By John Turney
That said, there were a few issues, not with the selections but by putting some people on the team that really didn't qualify in terms of years of service. In our view, Earl Campbell, who played just two seasons in the 1970s, shouldn't have been on any 1970s All-Decade Team.
The same goes for Dick Butkus (4 seasons), Larry Wilson (3 seasons). Wilson is a "chalk" choice for any 1960s All-Decade team and Butkus fits more in the 1960s and for a mythical 1965-75 All-Decade team but the 1970s? Really?
Here is the official team with the votes:
Now, for our picks. Some of them are quibbles, meaning our picks are not 'better' just more fitting in terms of service. Robert Brazile and Bobby Bell were dominant, but both played five seasons in the decade meeting what we think is a fair threshold in terms on years played, but can we say Brazile and Bell's five seasons were better than nine or so seasons from Isiah Robertson and Chris Hanburger?
We post the question more for discussion than anything else. Brazile fits in a 1975-85 All-Decade team and Bell is perfect for both the 1960s and 1965-75 and Robertson, the de facto 1973 NFC Defensive Player of the Year and Hanburger was the 1972 NFC Defensive Player of the Year and both were multi-time First-team All-Pros and had a slew of Pro Bowls. Neither picks are wrong it's just a question of peak value and longevity value within a decade.
Likewise, we think Mel Blount's 1970s decade was slightly ahead of Wille Brown and Jimmy Johnson and though we like Louis Wright, we think he fits better on a 1975-85 team. Again, the official All-Decade Team selections were good, and justifiable but maybe could use just a bit of scrutiny.
We think Alan Page deserved to be First-team in the 1970s and that Bob Lilly and Merlin Olsen were both ideal on the 1960s team and a 1965-75 team. But the 1970s? Lilly was lifted on passing downs in 1973 and 1974 and played just five years of the 1970s. Olsen is a solid pick, playing seven seasons in the seventies, and was a Pro Bowler in six of them. But in an appeal to fairness, we'd have gone with Wally Chambers and Jerry Sherk (or even a Curley Culp).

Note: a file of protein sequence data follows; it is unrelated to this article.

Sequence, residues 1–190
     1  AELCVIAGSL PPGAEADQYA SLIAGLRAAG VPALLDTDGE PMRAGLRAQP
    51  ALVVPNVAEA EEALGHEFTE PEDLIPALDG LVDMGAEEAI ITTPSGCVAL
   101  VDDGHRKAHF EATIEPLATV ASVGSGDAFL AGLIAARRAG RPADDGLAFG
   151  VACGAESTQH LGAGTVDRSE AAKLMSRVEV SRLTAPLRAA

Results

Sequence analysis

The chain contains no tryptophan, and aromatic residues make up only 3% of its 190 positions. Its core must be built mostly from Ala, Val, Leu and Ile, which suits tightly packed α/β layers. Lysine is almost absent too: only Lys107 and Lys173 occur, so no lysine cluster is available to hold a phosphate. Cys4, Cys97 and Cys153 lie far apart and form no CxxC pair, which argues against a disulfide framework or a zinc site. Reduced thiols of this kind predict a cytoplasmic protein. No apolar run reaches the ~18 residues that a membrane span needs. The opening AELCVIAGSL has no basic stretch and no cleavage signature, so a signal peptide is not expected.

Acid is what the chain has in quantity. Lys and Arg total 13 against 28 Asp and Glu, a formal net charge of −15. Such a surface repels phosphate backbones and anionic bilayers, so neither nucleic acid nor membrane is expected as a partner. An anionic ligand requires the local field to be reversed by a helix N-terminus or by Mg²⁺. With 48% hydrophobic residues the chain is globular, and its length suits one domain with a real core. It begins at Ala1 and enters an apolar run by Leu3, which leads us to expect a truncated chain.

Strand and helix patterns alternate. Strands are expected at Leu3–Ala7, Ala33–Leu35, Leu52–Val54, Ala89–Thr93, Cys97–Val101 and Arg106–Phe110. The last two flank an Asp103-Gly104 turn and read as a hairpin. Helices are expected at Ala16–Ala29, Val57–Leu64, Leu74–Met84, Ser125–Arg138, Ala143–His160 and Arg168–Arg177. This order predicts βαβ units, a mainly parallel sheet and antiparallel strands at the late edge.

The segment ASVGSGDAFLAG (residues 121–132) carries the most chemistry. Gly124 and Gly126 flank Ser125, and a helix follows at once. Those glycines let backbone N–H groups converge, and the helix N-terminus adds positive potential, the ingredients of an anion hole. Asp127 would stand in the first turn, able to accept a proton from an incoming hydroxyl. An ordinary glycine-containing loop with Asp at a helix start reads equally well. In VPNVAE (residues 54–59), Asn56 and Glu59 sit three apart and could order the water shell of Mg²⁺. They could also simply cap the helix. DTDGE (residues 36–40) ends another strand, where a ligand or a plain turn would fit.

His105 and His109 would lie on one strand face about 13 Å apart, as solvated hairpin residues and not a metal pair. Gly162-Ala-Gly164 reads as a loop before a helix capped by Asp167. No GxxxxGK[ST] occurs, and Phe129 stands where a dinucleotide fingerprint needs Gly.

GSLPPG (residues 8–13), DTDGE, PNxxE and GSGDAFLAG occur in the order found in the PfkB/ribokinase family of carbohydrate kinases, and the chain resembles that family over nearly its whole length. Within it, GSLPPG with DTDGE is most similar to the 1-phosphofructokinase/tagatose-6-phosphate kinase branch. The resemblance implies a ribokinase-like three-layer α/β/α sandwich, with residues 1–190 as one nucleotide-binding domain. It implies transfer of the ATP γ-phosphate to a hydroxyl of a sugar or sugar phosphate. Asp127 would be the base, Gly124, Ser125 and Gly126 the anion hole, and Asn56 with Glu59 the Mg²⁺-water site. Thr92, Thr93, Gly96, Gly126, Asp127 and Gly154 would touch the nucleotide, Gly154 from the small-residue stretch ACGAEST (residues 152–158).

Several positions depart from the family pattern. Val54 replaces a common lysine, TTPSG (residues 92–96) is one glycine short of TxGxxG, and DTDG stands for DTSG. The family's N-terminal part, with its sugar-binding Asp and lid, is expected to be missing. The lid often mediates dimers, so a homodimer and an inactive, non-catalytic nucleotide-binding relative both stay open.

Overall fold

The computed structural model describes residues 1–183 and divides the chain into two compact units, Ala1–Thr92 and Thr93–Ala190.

Chambers tenure was a bit short but from 1973-77 (until knee injury) he was a beast. Sherk was more steady but both were their conference's Defensive Player of the Year in 1976. However, if someone were to insist on Lilly and Olsen as the Second-teamers, fine, but Page and Greene are clear First-teamers.
On the Second-team we replaced Campbell with Chuck Foreman and Larry Wilson with Jake Scott. We put Lemar Parrish in the place of Wright. We also put Claude Humphrey in over Harvey Martin.
Also, we put Cliff Branch and Harold Jackson on the Second-team because we felt they were more productive over the long term than Paul Warfield and Carmichael. Warfield's peak of 1970-74 certainly worthy, but he's another one for the 1965-75 team. Jackson led the NFL in the 1970s in catches, yards, touchdown receptions and was fifth in yards per catch and played well in playoffs. Perhaps playing for three franchises in the decade was some cause to be overlooked when the official team was chosen in 1980.
As for the offensive line, all were fine choices we differ a bit (we put John Hannah on First-team) but the right choices were made. Dan Dierdorf may deserve to be on First-team over Art Shell (the voting was very close) and there is a fifth tackle, George Kunz who is what we would call "All-Decade quality) who gets little notice. In fact, Russ Washington is of that ilk, too. But we, in the end, left the tackles alone. At their peak we might tanke them (1) Dierdorf (2) Wright (3) Yary (4) Shell (5) Kunz and (6) Washington. But again, any order would be defensible.
We moved Butkus out and Jack Lambert up a slot and filled in the Second-team with Willie Lanier. However, Randy Gradishar may be someone we are shorting. Lanier's play dropped off in 1976 and 1977 and then couldn't make the 1978 Colts. Gradishar was not a full-time starter in 1974 (as Lambert was) but was a Pro Bowler in 1975, Second-team All-AFC in 1976, All-Pro in 1977, the 1978 Defensive Player of the Year, and in 1979 was All-Pro again. We reserve the right to rethink this because his peak was likely higher than Lanier. And we did put Lanier on our 1965-75 and Gradishar on the 1975-85 team (along with Lambert) but maybe we are shorting Gradishar because we feel so strongly that he should be in the Hall of Fame we didn't want to appear biased.
Jerrel Wilson had too many punts blocked, so we went with John James was the decade's second-best punter.
We also put Chuck Noll as the first team and Don Shula as the Second-team though Tom Landry should likely be tied with Shula on the Second-team. We put Roger Staubach as First-team and Terry Bradshaw Second-team because of consistency. Yes, Bradshaw won four rings, but Staubach won two and it's a multifactorial process with rings, stats, testimonials, etc. to make these picks.
Here is the complete team: